School tests plan 'causing angst', MSPs told
Concerns about how data gathered from new tests in schools will be used is "causing angst" in the teaching profession, MSPs have been told.
The Scottish government plans to introduce standardised assessments across Scotland.
It hopes to use the data to help drive up standards and close the gap between how well children from relatively rich and poor backgrounds do.
But critics fear it will lead to league tables.
Another concern is that it could result in teachers simply teaching children to pass tests, undermining the principles behind Curriculum for Excellence.
The government describes the scheme as standardised assessments and insists it will not be a return to what it called the "high stakes testing of old" abolished more than 10 years ago.
Pupils across Scotland would be tested in P1, P4 and P7, and again in S3 - the tests would replace various assessments used by different schools and local authorities.
Critics fear the scheme amounts to national testing and are particularly worried the data could be used to produce league tables - suggesting a school's quality and performance in the tests were one and the same.
The teaching union said it was not against the use of standardised tests in terms of supporting young people's development but warned against making such assessments the focal point of the NIF.
Susan Quinn, of the EIS, told Holyrood's education committee: "We are not against the use of standardised assessments or tests in terms of supporting young people's development.
"What we would like to see with the National Improvement Framework is a consideration of how you can gather the information from teachers' professional judgements to inform the national position, and to then consider whether or not there is a need for a national test within that.
"We would argue there is evidence within the system just now that local authorities are gathering evidence.
"Some make use of standardised tests, equally some of them don't in order to do so."
She added: "We are clear that there are major issues around putting a test in place that will be for every single child.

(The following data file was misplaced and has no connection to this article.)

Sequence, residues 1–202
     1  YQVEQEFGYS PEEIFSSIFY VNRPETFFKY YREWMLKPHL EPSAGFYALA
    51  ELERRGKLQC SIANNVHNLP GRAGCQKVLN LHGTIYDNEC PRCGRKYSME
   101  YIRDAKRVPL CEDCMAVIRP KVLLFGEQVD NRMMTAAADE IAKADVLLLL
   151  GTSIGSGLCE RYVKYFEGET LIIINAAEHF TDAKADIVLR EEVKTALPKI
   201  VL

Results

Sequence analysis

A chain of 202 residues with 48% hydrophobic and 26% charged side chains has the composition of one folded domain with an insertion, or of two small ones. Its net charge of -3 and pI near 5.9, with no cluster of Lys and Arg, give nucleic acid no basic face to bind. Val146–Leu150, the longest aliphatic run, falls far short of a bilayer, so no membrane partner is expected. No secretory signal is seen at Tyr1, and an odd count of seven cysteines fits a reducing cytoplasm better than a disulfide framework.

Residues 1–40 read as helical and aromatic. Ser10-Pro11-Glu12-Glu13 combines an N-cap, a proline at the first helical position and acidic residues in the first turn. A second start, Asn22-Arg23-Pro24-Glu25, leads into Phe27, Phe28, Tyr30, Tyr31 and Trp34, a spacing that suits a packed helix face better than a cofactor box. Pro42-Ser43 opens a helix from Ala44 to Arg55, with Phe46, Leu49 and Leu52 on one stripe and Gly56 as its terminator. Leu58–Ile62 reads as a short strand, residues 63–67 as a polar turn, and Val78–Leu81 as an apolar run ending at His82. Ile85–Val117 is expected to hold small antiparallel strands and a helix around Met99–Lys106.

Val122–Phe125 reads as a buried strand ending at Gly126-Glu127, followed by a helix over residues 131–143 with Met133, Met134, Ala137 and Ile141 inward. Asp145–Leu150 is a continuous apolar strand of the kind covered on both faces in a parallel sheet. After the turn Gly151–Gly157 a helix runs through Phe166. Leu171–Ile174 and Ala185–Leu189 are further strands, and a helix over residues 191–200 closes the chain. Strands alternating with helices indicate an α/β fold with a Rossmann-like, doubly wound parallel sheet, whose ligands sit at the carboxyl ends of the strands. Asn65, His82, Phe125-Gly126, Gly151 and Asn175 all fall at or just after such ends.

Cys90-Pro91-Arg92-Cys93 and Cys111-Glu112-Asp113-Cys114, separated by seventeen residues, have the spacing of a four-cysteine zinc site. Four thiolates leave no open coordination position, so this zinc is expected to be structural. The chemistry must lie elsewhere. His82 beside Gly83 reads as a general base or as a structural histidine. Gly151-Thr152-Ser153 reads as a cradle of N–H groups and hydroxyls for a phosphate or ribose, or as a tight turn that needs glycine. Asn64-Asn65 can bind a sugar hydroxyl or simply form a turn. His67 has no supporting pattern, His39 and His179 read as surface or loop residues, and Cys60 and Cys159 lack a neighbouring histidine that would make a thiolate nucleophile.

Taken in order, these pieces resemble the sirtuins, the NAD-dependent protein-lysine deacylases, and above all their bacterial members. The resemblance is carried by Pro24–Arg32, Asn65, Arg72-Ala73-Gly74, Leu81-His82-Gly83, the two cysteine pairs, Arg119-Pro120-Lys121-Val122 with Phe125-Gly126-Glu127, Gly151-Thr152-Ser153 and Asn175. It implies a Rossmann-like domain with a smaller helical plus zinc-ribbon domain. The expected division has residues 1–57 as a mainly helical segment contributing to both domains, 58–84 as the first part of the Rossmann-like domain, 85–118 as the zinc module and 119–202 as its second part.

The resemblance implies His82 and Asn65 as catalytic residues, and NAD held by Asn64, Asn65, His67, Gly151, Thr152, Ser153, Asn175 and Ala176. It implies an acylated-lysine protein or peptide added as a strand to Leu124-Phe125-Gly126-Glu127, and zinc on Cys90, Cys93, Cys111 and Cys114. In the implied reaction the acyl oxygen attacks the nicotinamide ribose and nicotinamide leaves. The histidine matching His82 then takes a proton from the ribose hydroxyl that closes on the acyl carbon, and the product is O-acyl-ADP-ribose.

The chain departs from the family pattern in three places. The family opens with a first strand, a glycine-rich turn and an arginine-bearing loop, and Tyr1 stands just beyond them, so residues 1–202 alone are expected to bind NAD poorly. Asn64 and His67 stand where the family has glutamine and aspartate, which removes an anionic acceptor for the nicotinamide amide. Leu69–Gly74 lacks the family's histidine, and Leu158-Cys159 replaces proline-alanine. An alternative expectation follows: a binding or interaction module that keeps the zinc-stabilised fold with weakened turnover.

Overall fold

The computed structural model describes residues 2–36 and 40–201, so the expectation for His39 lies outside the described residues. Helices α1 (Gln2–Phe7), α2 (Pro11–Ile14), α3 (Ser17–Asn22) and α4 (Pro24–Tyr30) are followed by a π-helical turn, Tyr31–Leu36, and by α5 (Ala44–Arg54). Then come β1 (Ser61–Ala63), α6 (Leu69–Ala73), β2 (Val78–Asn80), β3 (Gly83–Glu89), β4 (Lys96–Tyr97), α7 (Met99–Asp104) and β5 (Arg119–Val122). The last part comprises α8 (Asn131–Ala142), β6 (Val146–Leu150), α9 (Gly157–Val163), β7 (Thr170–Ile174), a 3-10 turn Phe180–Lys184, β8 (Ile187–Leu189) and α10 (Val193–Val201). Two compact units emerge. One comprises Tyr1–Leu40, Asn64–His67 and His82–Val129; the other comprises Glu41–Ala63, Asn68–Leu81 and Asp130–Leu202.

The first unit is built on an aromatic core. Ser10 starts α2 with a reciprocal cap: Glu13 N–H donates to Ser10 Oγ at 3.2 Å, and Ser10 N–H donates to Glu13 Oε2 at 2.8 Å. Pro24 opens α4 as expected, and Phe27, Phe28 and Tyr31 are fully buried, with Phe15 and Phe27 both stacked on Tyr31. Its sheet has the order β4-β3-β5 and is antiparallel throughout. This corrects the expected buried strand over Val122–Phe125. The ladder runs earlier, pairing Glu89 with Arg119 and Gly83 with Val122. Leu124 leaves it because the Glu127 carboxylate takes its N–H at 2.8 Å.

"There are clear educational arguments as to why it isn't going to be helpful to the young people.
"There are clearly going to be young people who will be disadvantaged by a test of this nature and we would argue that it is counter-intuitive to teacher professional judgement to say you have to use a particular assessment tool to back up your assessment judgement.
"We would argue it is for local authorities to decide what their assessment policy is."
Craig Munro, of the Association of Directors of Education in Scotland, said the organisation was "very supportive of NIF" but added it was "how you use information to drive improvement" that was "causing the angst, not the testing so much".
Mr Munro said: "There are various options about how we can do that without creating the league tables and the negative stereotypes."
"I don't think the test is the issue, I think it's the use we make of the information."
In a separate development, one critic of the plan says the government received only a handful of pieces of written evidence ahead of announcing a return to national standardised testing.
Former secondary teacher James McEnaney - who is now a lecturer and a contributor to website Commonspace - made a Freedom of Information request to the government.
He said that in the three months prior to the policy announcement, only four pieces of written evidence were received - all emails - from only two education advisors
One was critical while the other was more supportive.